This week, we revisit an article highlight that originally debuted here in May 2016. The highlight explores Pols and Limburg’s qualitative research on the role and meaning of feeding tubes in the lives of people with ALS. The article was officially released in our latest September 2016 issue of the journal, and is accessible in full here.
Pol and Limburg begin by suggesting that while “quality of life” has been transformed into a measurement used widely in health research, it is difficult to operationalize when considering the daily, lived experiences of patients. Rather than approaching quality of life as a measure of attainment or “outcome,” the authors instead choose to reframe it as a continual process: one that is negotiated by individual patients differently. To examine what quality of life entails in a qualitative sense, the authors interviewed a population of people with ALS in the Netherlands with feeding tubes, or ALS patients considering one.
The literature on feeding tubes, the authors note, present many perspectives on the relationships between quality of life and eating. Some sources argue that feeding tubes deprive individuals of the important social aspects of eating, while others note that feeding tubes can unburden patients for whom swallowing and the physical actions of eating are difficult, uncomfortable, or impossible.
Patients and their families interviewed by the researchers, on the other hand, demonstrate such ambiguity towards feeding tubes contextually, depending on the stage of their feeding tube transition. For many, the initial decision to have a feeding tube placed in their bodies was an upsetting signal of bodily deterioration. The procedure itself, though technically minimally invasive, was also viewed with trepidation by patients. They worried about the hospital stay, and whether or not their body would be strong enough to adapt to the tube quickly. Pols and Limburg found that for those who had undergone the procedure, “there was a remarkable consensus among patients in their evaluation of tube placement, with the main variations mentioning just how terrible it had been.” The authors later note that some patients continued to view the feeding tube negatively after it was placed, envisioning it as an unnatural, upsetting addition to their bodies. Others described it as a “necessity” that came with quality of life benefits, although it was not pleasant to have attached to their bodies.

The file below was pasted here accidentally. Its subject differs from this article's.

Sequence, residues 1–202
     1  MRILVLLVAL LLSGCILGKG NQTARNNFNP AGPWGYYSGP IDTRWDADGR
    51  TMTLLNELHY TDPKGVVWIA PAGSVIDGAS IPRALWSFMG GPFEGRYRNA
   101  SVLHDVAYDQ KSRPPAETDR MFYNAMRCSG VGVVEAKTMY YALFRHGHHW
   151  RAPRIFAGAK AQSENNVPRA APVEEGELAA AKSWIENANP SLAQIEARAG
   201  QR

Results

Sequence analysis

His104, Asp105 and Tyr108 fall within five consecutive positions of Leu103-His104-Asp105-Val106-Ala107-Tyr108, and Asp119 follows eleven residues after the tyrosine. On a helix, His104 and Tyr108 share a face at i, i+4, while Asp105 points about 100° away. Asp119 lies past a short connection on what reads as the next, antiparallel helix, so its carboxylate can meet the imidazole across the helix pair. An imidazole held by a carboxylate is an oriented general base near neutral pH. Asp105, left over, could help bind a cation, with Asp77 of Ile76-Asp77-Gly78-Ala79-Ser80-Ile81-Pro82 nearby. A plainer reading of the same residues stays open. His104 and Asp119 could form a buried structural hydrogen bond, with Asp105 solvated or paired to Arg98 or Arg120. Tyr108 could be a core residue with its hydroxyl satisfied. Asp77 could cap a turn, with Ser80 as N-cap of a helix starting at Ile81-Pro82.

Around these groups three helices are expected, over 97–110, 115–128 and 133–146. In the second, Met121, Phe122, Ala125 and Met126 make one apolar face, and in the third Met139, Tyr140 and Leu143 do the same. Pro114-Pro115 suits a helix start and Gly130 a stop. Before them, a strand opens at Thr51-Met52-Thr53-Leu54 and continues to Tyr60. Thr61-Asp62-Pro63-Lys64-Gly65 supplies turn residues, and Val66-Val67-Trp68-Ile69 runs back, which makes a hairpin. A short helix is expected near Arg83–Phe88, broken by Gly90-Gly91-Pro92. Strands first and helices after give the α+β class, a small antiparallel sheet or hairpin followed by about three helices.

However, for many patients who had feeding tubes already implanted at the time of the study, the response could be notably positive. These participants noted that the devices restored their health and function, and lessened distressing symptoms like choking and an inability to swallow. For one patient, the feeding tube ensured that she received the appropriate calories, such that any food she decided to eat normally could be at her discretion. Other patients who cared less about eating a range of foods appreciated that the feeding tube rid them of the need to worry about what could be easily consumed.
The authors conclude that “the feeding tube can best be understood not as an intervention that causes ‘impacts on quality of life’, but as a technology or prosthesis that may bring different qualities and appreciations that may shift over time.” They add that the feeding tube acts as an intervention that re-orders daily life for patients coping with the a ‘new normal’ of chronic illness: rather than serving to balance “good” and “bad” qualities, as outlined in the disability paradox. Lastly, they remind readers that instrumentalizing “quality of life” risks losing these facets of illness experience. This term is deeply contextual, and responsive to the needs, expectations, and hopes of each patient undergoing treatments or coping with chronic conditions.